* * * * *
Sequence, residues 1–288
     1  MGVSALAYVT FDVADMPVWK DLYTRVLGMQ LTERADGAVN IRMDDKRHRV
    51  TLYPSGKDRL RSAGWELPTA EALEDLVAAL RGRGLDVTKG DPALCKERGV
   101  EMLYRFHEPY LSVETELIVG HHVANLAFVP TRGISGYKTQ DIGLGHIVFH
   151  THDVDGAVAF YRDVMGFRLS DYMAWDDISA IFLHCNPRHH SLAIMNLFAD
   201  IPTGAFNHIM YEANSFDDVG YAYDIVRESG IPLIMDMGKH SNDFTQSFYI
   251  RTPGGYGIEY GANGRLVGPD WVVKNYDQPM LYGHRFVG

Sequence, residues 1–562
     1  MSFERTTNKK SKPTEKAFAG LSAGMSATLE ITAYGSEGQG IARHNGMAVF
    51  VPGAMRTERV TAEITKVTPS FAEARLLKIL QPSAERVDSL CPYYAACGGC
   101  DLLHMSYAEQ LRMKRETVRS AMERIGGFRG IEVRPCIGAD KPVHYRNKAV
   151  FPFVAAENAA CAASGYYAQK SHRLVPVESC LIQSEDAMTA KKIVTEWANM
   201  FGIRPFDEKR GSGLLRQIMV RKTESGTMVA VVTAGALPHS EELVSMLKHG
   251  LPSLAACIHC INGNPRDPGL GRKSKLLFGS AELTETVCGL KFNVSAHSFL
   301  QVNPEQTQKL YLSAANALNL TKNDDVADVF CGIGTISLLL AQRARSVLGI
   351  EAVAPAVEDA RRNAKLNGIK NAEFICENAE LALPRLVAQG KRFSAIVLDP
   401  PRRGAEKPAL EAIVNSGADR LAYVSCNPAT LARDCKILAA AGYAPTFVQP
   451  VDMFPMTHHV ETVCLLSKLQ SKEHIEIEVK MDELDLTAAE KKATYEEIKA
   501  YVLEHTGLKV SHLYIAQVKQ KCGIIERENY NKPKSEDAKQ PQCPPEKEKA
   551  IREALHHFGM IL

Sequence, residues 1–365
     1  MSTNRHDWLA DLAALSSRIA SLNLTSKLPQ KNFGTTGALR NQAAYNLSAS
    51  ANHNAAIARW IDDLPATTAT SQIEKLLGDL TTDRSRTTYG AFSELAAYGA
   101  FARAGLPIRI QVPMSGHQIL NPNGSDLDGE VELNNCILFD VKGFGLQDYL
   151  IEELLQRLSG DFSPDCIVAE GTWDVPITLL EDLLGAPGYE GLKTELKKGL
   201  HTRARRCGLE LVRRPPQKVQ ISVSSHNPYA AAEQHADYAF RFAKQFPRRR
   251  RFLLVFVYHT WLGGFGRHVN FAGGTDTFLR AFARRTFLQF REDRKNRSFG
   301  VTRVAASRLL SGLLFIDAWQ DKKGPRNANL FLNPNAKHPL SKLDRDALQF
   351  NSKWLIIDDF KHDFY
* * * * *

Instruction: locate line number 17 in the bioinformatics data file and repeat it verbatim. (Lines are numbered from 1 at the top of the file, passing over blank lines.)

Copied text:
   401  PRRGAEKPAL EAIVNSGADR LAYVSCNPAT LARDCKILAA AGYAPTFVQP